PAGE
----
Ahhh, gluttony. What a great topic for the New Year, the time for resolutions. Let's see. Day 7 of 2009. Have we lost a pound? Ummmm. That would be a resounding no.
One of the problems with travel is that one keeps going to all these interesting new places in new countries. And of course one has to try the [insert food item here] because one may never return. So one eats and eats and eats and... one packs on a few kilo.
Of course, that's not the worst thing in the world, as three years ago, post-South-African-trauma, expateek weighed 10 lbs under her normal weight and subsisted entirely on a diet of biltong and red wine. Said diet didn't do much for the cholesterol count (although perhaps the red wine counteracted the effects of the dried red meat tidbits) but it sure made her look skeletal. When she returned to England in 2006, instead of people raving about how gloriously thin she was, they instead raised an eyebrow and said, "God, expateek, you look a bit ... gaunt."
Probably not the look she was aiming for.
On the other hand, the new Polish diet of pierogis and Żubrówka vodka hasn't done wonders for the waistline. Starch and booze. One hundred percent carbohydrate. Vitamin deficiency, anyone?
So Mr D and expateek have embarked on the 2009 self-improvement program, which involves eating healthfully (urk!), taking vitamins (urk!), and cutting back on booze (double urk!). What a bore. Naturally, Mr D who is the picture of discipline woke up on New Year's Day with a spring in his step and his usual single-minded ability to keep these New Year's resolutions. Exasperating, times 12.
For expateek? Not so easy. There are good days (2) and bad days (5) but all in all, it averages out.
If when you average 2 and 5 you come out with 4, which is actually better than 50% in expateek's world of crappy math! Yay! We round up, on expateek's planet. Except when we're looking at the digital scale, in which case we round down, and then subtract two, because we already ate breakfast. And then we move the scale because the bathroom tiles are kind of uneven and we try again.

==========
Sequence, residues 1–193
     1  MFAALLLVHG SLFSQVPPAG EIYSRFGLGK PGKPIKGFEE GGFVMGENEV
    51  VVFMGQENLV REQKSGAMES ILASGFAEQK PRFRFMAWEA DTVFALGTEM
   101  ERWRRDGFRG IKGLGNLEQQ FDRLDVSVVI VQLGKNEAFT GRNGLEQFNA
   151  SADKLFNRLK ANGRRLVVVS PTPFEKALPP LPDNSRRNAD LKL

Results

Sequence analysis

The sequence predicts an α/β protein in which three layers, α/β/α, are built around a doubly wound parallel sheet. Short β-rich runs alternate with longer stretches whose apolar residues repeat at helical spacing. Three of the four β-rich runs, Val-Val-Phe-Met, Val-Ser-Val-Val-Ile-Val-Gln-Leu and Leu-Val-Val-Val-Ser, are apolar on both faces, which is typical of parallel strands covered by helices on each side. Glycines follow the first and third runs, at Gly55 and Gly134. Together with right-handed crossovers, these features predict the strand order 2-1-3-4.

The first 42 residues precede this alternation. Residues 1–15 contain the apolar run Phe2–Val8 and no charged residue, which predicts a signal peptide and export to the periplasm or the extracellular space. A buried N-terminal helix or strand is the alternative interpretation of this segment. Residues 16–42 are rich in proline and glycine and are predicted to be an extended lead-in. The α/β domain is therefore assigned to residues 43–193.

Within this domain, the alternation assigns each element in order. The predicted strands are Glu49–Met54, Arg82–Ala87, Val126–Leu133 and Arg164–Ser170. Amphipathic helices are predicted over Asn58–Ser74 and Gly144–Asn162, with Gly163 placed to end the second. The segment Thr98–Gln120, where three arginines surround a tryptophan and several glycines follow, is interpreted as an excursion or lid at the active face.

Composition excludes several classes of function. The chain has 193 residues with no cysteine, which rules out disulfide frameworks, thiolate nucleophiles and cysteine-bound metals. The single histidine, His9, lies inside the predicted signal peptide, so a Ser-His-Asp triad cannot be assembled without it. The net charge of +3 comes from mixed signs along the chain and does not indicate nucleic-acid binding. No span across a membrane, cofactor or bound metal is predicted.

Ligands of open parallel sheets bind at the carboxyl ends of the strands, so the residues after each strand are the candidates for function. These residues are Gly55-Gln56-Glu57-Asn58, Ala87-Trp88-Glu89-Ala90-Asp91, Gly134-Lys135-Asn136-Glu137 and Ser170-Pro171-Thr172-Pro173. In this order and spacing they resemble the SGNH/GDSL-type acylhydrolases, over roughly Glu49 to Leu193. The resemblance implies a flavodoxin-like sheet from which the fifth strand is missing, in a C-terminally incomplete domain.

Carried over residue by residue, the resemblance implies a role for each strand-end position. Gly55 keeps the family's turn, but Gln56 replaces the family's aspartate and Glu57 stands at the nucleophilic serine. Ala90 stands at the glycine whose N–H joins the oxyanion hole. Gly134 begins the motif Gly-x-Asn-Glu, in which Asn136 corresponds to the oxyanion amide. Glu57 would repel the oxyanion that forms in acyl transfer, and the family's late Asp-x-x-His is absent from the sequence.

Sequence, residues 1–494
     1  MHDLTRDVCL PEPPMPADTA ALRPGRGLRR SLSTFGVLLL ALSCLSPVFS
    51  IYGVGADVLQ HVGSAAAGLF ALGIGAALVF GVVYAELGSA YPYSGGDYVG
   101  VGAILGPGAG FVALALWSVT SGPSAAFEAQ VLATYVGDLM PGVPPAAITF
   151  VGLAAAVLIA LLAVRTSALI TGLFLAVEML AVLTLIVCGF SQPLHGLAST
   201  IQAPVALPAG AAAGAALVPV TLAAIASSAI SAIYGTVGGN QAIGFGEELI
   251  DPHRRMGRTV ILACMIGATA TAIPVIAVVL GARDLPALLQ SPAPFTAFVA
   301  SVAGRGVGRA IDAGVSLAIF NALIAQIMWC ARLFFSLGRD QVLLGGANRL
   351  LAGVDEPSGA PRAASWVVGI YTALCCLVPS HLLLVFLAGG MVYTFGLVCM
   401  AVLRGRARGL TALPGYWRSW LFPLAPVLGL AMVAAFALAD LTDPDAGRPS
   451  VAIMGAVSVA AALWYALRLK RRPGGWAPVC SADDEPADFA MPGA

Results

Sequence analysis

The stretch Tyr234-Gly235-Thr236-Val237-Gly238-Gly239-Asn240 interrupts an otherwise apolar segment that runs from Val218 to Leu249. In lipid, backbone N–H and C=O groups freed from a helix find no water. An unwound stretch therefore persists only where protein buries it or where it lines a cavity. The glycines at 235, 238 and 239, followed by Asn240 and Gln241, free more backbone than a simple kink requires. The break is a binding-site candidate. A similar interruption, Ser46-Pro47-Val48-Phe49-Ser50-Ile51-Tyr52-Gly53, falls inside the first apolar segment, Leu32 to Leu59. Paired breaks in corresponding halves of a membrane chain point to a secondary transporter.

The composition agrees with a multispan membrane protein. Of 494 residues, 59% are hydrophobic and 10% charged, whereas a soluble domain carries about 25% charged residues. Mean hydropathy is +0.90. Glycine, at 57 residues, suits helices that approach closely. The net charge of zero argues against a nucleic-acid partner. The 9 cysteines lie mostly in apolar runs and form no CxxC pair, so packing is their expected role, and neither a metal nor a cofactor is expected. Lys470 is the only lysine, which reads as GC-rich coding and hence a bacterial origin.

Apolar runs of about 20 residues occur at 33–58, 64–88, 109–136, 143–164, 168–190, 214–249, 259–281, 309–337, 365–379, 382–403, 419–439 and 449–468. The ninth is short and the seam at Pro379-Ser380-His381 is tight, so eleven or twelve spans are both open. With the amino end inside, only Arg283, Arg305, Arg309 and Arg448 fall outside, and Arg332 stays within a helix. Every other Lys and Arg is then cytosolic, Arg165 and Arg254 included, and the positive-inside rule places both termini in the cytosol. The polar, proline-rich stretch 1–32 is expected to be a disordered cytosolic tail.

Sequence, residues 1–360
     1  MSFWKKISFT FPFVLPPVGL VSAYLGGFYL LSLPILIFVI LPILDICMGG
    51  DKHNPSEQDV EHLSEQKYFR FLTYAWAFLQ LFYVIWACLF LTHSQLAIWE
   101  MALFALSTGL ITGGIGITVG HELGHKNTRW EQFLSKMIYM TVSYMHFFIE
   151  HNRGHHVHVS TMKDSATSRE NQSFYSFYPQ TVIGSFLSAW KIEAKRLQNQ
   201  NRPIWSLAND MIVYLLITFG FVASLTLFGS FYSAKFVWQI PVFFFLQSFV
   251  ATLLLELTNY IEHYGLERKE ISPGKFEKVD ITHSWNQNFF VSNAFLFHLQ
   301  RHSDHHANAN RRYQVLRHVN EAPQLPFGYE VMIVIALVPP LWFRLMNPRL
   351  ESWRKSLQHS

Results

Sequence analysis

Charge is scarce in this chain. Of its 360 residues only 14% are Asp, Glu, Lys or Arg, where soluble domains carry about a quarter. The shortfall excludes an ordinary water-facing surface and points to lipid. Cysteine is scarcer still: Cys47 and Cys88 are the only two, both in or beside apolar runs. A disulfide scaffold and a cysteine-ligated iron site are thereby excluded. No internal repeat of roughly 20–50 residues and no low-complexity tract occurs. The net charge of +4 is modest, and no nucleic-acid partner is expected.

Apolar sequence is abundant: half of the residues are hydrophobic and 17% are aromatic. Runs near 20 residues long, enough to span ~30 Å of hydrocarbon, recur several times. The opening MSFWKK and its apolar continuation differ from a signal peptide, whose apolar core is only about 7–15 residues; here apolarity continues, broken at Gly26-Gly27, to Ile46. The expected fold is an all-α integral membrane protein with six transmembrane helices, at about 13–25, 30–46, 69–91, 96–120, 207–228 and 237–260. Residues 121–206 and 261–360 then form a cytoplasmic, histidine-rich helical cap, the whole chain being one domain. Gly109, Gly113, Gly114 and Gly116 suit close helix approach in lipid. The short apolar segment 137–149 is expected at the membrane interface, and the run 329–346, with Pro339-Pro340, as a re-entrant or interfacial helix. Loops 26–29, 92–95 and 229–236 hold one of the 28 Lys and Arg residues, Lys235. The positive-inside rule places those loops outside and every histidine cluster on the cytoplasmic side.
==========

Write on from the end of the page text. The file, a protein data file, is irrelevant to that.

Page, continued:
But see? Here's the formula expateek used for calculating her dieting compliance average:
x=I/2 * p f(x)/g(x) = ( f '(x)g(x) - f(x)g '(x) ) / g^2(x)
where p is the number of pierogis consumed at each sitting,
f is the brand of Scotch expateek ordinarily likes to drink,
and g is expateek's girth in millimetres,
resulting in x, which equals the actual number of days, on average, that expateek has been compliant.
You'll notice that there's no z variable for Żubrówka, because we've definitely given up vodka for the new year. Wasn't that easy? At least one thing's going right!
Anyway. Compliance? Not expateek's strong suit. You do the math.
So to take our minds off food, let's carry on with a bit of Wikipedia research:
Derived from the Latin gluttire, meaning to gulp down or swallow, gluttony is the over-indulgence and over-consumption of anything to the point of waste. In the Christian religions, it is considered a sin because of the excessive desire for food, or its withholding from the needy.
Excessive desire for food. Right now. Keep typing. No fridge. No pantry. Keep typing. Do not get up from chair. Stop thinking about biltong, there's none in the house. Do not think about muesli either. Or brie. Or chocolate. Or heuvos rancheros. Or damn this is difficult. Keep typing. No biltong. No pretzels. No pierogis. Certainly no red wine as it's 11am. Please! We're not going for the Ernest Hemingway school of writing. The Old Man and the Sea. Ugh. Most boring book ever. Although come to think of it, there are many very tasty fish in the sea. Like salmon. Tuna. Both of which make delicious sushi. Which there's none of in the house either. Dammit!
Excuse us for a moment while someone goes to find a rice cake. You can just keep on reading.
Medieval church leaders (e.g., Thomas Aquinas) took a more expansive view of gluttony, arguing that it could also include an obsessive anticipation of meals, and the constant eating of delicacies and excessively costly foods [red wine, biltong, brie, Scotch]. Aquinas went so far as to prepare a list of six ways to commit gluttony, including:
- Praepropere - eating too soon.
- Laute - eating too expensively.
- Nimis - eating too much.
- Ardenter - eating too eagerly.
- Studiose - eating too daintily.
- Forente - eating wildly.
Eating wildly? Okay, enough! expateek is running off to eat wildly for a few minutes. Whatever that means.
Probably the rice cakes will be history....